So very sad. I know everyone has to do this at some point, but I am just demolished. It feels like the world will never be the same. I still had so much to learn from her and to give her as well. I spent time in the garden for the first time yesterday, and it was the right place to be to heal, but this will take some time. I don’t want to forget anything. This may just be the first of my grieving/remembering posts. I know I can’t encompass who she was and how much I’ll miss her today, but it’s a start.

Related Posts Plugin for WordPress, Blogger...

subscribe to comments RSS

There are 13 comments for this post

  1. Ilene Isseks says:

    A beautiful elegy for a beautiful woman written by her beautiful daughter. Peace to you, dear Wendy and know she is dancing with the muses.

  2. Nell Jean says:

    I am so sad for you, and so sorry for your loss. You are blessed to have such lovely memories.

  3. Gaby says:

    Wendy, I am so sorry. Your writing about your mom brought me to tears. It is beautiful writing about a beautiful woman, who made you! I love those pictures and hope I can give you a hug in person soon! Much Love,
    Gaby

  4. Denise says:

    Your eulogy for your mother brought me to tears also. I lost my mother 3 years ago and it’s still fresh in my mind. It’s great to have all those great memories. Hang in there.

  5. Holley says:

    My condolences on your loss. Grieving takes time, and it is a slow process. I hope your garden can give you lots of solace and time alone to heal.

  6. Your post brought me to tears. I have not lost my mother, but I have lost some who were very close to me. Grief is a very strange place to be, and I know when I have been called to its cave I have felt as if I would never escape its depths. And then one day the sun came out and I noticed… and I soon found my way out of the cave. Your tribute to your mother is very special, and I am so glad to learn about her and how much she meant to you. She was very special! I send you hugs and healing and hope….as you were very lucky to have your mother…she was very lucky to have you.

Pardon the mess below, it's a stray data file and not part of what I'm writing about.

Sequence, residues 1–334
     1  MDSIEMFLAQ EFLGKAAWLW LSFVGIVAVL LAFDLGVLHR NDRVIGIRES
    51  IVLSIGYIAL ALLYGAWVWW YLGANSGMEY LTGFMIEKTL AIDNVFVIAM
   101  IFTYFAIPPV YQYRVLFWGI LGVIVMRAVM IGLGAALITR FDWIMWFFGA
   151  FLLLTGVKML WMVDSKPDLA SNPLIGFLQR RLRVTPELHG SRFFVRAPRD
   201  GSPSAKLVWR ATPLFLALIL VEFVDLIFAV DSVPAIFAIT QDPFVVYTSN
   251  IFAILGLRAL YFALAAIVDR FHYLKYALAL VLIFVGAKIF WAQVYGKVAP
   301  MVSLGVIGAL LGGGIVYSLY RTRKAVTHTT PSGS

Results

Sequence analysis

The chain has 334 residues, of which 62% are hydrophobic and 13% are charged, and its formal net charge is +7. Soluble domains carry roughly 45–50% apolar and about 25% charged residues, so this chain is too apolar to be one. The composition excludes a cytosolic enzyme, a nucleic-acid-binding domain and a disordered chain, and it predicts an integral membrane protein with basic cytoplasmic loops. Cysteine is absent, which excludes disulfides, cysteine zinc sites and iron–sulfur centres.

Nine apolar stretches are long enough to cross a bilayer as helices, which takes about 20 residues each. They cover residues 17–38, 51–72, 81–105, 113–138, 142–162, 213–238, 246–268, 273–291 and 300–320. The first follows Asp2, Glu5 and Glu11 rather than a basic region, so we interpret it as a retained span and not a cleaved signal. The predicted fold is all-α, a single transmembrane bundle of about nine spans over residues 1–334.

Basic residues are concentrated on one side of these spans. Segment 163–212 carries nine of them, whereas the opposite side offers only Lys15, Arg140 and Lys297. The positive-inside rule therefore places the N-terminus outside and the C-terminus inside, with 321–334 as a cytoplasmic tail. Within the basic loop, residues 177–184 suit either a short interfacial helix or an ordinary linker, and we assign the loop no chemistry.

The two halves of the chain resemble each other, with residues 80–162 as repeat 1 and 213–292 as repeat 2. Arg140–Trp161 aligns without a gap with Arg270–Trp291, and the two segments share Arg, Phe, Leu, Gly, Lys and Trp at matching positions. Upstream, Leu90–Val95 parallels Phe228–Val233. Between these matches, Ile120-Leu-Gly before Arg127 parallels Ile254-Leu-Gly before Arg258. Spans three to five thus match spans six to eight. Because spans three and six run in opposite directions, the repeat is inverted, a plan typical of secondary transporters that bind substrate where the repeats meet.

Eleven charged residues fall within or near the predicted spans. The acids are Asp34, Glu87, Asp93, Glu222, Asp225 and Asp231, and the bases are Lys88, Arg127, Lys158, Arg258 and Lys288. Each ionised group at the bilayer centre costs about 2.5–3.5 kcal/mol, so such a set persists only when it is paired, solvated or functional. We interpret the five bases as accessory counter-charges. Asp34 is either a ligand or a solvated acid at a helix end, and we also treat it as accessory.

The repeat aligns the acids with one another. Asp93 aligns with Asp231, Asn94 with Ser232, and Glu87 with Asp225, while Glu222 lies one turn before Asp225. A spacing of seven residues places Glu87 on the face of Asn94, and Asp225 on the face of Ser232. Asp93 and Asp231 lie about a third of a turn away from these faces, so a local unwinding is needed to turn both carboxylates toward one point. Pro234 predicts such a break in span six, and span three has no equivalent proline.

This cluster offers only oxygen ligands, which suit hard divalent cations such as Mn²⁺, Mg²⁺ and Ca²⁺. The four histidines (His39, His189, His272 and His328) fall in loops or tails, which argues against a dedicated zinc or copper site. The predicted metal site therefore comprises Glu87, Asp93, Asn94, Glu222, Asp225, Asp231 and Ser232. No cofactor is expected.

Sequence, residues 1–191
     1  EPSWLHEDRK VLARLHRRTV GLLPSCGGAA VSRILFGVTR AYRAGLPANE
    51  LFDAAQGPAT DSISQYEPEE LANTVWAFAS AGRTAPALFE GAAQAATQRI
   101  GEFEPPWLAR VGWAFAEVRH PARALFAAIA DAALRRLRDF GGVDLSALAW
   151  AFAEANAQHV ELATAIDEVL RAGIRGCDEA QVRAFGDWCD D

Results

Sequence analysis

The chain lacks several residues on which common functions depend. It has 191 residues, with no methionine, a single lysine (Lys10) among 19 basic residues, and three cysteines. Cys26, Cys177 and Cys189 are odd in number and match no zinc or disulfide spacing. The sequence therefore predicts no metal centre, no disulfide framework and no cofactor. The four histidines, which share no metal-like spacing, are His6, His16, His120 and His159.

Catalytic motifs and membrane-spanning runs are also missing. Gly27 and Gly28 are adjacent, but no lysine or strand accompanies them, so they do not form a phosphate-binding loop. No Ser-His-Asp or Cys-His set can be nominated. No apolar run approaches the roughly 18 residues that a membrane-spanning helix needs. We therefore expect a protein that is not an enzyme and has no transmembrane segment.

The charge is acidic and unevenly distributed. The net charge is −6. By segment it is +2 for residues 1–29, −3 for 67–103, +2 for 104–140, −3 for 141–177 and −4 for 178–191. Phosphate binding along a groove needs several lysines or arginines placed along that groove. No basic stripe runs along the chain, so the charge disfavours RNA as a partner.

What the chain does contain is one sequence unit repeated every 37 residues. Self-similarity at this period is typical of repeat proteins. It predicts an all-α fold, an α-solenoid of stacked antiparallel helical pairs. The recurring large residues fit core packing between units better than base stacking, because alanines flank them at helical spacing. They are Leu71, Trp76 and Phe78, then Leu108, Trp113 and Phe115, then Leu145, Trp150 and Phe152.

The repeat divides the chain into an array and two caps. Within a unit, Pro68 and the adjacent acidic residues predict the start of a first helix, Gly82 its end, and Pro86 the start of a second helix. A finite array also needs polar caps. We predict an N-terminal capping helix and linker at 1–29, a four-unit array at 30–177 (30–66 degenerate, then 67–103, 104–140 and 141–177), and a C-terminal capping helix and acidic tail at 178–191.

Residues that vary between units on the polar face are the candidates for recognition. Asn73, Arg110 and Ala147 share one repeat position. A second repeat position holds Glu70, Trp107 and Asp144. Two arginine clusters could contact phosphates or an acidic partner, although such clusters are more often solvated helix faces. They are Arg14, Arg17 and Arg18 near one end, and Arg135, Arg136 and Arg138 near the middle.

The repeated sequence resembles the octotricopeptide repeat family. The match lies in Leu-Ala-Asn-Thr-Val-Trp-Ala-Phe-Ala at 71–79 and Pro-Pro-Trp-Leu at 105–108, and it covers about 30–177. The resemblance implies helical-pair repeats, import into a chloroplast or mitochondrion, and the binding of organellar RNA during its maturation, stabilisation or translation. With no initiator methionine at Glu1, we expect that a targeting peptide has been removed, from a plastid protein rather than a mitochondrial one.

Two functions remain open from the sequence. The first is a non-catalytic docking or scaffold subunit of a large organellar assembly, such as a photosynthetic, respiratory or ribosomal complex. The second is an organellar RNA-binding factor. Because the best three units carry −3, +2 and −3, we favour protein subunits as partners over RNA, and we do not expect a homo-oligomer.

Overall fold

7. krista says:

    Beautiful! What an outstanding woman and mother, what a caring and lovely daughter! I’ll always admire the work your mother did for the dance world especially!

  8. Julie says:

    Oh Wendy, I’m so sorry to hear about your Mom. What a beautiful post you wrote, I had no idea she did all that! She was ahead of her time in so many ways. I hope the healing process continues for you and the rest of your family.

  9. Julie says:

    ps. I love the last photo you posted of her. It’s like the path stretching out past her, and the red cones with the path continuing beyond in this beautiful vagueness of sky and clouds, and she’s waving with this huge grin on her face, like she knows a grand adventure lies ahead and she’s saying, “I’ll see you all again soon, down the road!”

  10. Debbie Riga says:

    My cousin passed this link to me. I do not know you or your Mom but was greatly touched by what you wrote. What a remarkable person your Mom was! Thank you for sharing her with us. We too are of Greek Cypriot heritage.

  11. Cathy says:

    a beautiful remembrance from a devoted and wonderful daughter – thank you

  12. kat says:

    Love this beautiful remembrance and you dear Wendy!

  13. Zena Tucker says:

    Ah WENDY- what a beautiful rememberance. I had no idea you had lost your mom so recently. I am wondering if hanging out w me and Tam brought up some difficult feelings – it must have felt hard a bit w her and me being buddies and all. I wish I had understood. She sounds like an amazing, extremely special person. Do allow yourself to keep writing. Thank you.

Please, feel free to post your own comment

* these are required fields

The Lazy Composter is powered by WordPress and FREEmium Theme.